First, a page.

The Rosebud Indian Reservation, located in south-central South Dakota, is home to the Sicangu Lakota Oyate (“Burnt Thigh Nation”). In 1999, the tribe established the Rosebud Economic Development Corporation (REDCO), a chartered corporation managed by an independent board of directors, to promote economic growth and generate revenue for the tribe.
Over the past five years REDCO has grown from losing over a million dollars a year to generating annual profits of nearly a half-million dollars, and it has expanded businesses and launched a series of innovative community development programs. REDCO’s community development centerpiece is the Keya Wakpala Development, a 590-acre site that will include homes and businesses that promote traditional culture, language and familial tribal structure.
Food Sovereignty Initiatives
REDCO began surveying community members about the design and function of this new community project in 2014. In addition to housing and retail space, many tribal members pointed out the need for a community garden, farmers’ market and other food sovereignty initiatives at the new site. REDCO took the community’s suggestions to heart, and within a year began using First Nations Development Institute’s Food Sovereignty Assessment Tool (FSAT) to conduct a food assessment.
In 2016, First Nations awarded REDCO a $20,000 food sovereignty assessment grant, courtesy of the NoVo Foundation Fund at the Tides Foundation, to complete community food assessments for eight of the 20 communities across the reservation. REDCO initially began working on these surveys in 2015 with assistance from the Notah Begay III Foundation, but quickly ran out of funding to travel to and survey the tribe’s more isolated communities (end to end, the reservations extends over 150 miles).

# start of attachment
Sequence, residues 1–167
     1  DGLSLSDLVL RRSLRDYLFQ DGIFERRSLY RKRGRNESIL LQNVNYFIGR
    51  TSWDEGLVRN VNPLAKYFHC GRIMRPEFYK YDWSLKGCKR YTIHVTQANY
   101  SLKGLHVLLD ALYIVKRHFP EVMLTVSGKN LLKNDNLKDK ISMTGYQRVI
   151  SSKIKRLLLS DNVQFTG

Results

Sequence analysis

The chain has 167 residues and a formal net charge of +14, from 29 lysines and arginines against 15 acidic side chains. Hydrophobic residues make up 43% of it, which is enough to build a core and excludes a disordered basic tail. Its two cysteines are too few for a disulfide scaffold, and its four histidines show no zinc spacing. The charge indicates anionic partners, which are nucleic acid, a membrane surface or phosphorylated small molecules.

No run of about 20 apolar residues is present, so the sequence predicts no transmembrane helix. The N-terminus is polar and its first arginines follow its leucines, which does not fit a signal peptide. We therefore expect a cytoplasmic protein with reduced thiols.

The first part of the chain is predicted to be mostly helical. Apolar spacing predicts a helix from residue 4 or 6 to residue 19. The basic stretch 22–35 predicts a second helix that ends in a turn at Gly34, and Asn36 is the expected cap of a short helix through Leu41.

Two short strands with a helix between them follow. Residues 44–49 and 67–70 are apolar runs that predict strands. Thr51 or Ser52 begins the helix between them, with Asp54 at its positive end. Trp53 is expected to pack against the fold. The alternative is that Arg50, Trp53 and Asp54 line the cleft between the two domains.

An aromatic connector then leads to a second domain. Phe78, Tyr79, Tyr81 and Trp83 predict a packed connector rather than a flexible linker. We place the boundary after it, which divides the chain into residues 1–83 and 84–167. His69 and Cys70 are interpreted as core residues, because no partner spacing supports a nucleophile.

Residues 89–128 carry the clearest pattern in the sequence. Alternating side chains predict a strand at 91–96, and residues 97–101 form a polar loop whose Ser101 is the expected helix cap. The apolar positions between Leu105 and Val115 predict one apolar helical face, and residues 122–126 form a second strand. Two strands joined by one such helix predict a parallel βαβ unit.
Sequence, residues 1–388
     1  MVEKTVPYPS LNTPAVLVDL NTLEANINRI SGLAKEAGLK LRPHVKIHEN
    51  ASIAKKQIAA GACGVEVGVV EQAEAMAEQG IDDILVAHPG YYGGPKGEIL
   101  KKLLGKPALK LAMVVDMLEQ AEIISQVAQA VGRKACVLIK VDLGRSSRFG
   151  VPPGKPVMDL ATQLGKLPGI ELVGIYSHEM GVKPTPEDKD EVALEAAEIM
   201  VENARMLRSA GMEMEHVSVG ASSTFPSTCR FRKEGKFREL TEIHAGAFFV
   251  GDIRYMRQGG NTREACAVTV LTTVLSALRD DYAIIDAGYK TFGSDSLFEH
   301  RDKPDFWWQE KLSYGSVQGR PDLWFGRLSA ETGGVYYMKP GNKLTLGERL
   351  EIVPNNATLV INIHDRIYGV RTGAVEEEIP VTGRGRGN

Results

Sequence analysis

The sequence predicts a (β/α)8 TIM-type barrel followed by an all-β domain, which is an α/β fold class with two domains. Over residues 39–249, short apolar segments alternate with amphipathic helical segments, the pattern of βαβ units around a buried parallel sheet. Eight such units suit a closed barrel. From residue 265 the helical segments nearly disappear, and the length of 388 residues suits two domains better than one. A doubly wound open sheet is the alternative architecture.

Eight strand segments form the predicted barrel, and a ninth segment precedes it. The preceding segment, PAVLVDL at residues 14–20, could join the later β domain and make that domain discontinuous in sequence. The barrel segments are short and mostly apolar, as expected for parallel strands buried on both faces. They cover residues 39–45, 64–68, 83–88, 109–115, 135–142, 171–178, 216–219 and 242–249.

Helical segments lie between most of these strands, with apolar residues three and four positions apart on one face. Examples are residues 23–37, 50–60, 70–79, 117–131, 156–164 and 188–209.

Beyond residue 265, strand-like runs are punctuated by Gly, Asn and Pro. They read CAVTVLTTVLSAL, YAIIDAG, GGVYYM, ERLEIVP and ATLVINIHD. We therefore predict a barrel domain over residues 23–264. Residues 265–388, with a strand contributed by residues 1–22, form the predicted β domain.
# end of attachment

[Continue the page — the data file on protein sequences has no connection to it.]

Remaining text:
With this $20,000 grant, REDCO hired a food sovereignty director and two interns to compile and analyze the remaining data. Between January and April 2016, REDCO interns conducted more than 150 surveys at community meetings, basketball games and in the tribal college cafeteria. It also purchased a new computer and software to evaluate the data, which confirmed that Rosebud is a food desert, and that tribal members want greater access to healthy, traditional foods.
REDCO used this information to establish the Sicangu Food Sovereignty Initiative, a community-based project that promotes “an Indigenous food system that will ensure wicozani (health of mind, body and spirit) for current and future generations.” Through this initiative, REDCO has been able to partner with communities in rural and remote areas that cannot easily access REDCO’s centrally-located farmers’ market. For example, since conducting a community food assessment, REDCO has partnered with the Soldier Creek Community to plant a pumpkin patch, and the Horse Creek Community to plant 800 fruit trees, thereby ensuring that all tribal members have access to healthy, traditional foods.
Mike Prate, REDCO’s food sovereignty director, points out that community food assessments are about more than just collecting data.These assessments also promote community-building. “After we conducted the community food assessment, we made sure that we returned to each community to present our findings, so that we could build trust and develop meaningful partnerships,” said Prate. “We want to empower our communities.”
First Nations believes that good food is essential to healthy, strong tribal nations. Through the Sicangu Food Sovereignty Initiative, REDCO has taken an important step toward empowering the Sicangu Lakota Oyate, who have made the conscious decision to “reclaim their inherent sovereign rights as a people by re-embracing traditional values of self-reliance and sustainability in order to sustain their families (Tiwahe), communities (Ospaye), and their Oyate (the Lakota Nation).”
By Sarah Hernandez, First Nations Communications Officer